Tuesday, April 22nd, 2014
A Seattle-area Boy Scout troop has apparently had its charter revoked after it refused to remove a Scoutmaster who is an openly gay man, as Time.com reports:
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The BSA has revoked the charters of the Rainier Beach United Methodist Church and its two scouting units, Troop 98 and Pack 98, for standing by Geoffrey McGrath after the BSA ousted him as a Scoutmaster in March, according to Scouts for Equality, a group that lobbies against discrimination in the scouting movement.
The church’s Rev. Dr. Monica Corsaro has refused to remove McGrath from his leadership position. “Based on our religious principles, we will continue to act as an autonomous church that does not discriminate,” she said in a statement to Scouts for Equality. “We will continue to have our troop meetings here, every Thursday night, with business as usual.”
The BSA’s director of communications, Deron Smith, said the organization had no choice but to withdraw the church’s charter as it refused to follow the terms of its chartered organization agreement and policies. “We are saddened by this development, but remain committed to providing all youth with the best possible Scouting experience where the Scouting program is the main focus. We are contacting the parents and leaders of the units to inform them of the chartered organization change.”
The BSA permits gay people to become scouts, but not to take adult leadership positions. McGrath is believed to be the first openly gay adult to have his leadership status revoked by the BSA. He acknowledged his sexuality to the BSA in March after an NBC story about the troop’s inclusiveness prompted the scouting movement to inquire about his orientation.
Monday, July 22nd, 2013
Some 30,000 Boy Scouts and 7,000 leaders gathered July 15 in West Virginia for the annual National Scouts Jamboree, and for the second time in the event’s history, each of them was subject to a body mass index (BMI) cutoff that was designed to prohibit obese or unhealthily overweight people from participating in the event. The standard, organizers say, is in place to protect the health and safety of participants, as the Jamboree is packed with physical activities ranging from hiking to rock climbing.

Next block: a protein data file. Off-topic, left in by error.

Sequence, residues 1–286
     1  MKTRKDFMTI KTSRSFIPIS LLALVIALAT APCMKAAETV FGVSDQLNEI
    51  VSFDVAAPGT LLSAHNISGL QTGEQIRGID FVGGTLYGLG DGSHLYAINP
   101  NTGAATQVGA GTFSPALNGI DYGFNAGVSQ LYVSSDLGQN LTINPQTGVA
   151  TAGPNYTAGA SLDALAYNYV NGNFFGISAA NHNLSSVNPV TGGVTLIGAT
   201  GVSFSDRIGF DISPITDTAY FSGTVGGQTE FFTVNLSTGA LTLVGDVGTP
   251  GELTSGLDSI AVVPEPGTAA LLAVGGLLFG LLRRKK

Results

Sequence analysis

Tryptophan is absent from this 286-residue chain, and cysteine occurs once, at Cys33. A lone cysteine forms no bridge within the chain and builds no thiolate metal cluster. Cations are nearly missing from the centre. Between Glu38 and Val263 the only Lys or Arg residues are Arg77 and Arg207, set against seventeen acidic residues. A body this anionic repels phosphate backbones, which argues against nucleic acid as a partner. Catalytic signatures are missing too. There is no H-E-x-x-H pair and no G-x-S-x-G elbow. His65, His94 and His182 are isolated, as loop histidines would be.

“This policy is not meant to keep anyone out at all, and it’s just to make sure that they’re safe,” Boy Scouts of America’s public relations director Deron Smith told CNN. “We offer thousands of summer camp experiences (that) do not have this requirement.”
But Dr. Jennifer Shu, an Atlanta pediatrician, told CNN, “Any organization can make their own rules, but as a pediatrician I feel like we should be promoting physical activity for everybody, be as inclusive as possible, and only exclude from activity if there’s a physical threat to their health,” she said.
Boys whose BMI is slightly lower than 40, but who are still considered obese for their height can be admitted to the Jamboree, but they are subject to additional health scrutiny, including a personal health recommendation from a health care provider.
Image: Scout campsite, via Shutterstock
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Monday, June 3rd, 2013
Boy Scout units hosted by Southern Baptist churches may soon dwindle in number, in response to the Boy Scouts of America’s recent vote to allow openly gay boys to be Scouts. Baptist leaders say the move is counter to their religious beliefs, and they may leave the organization “en masse.” More from CNN’s Belief Blog: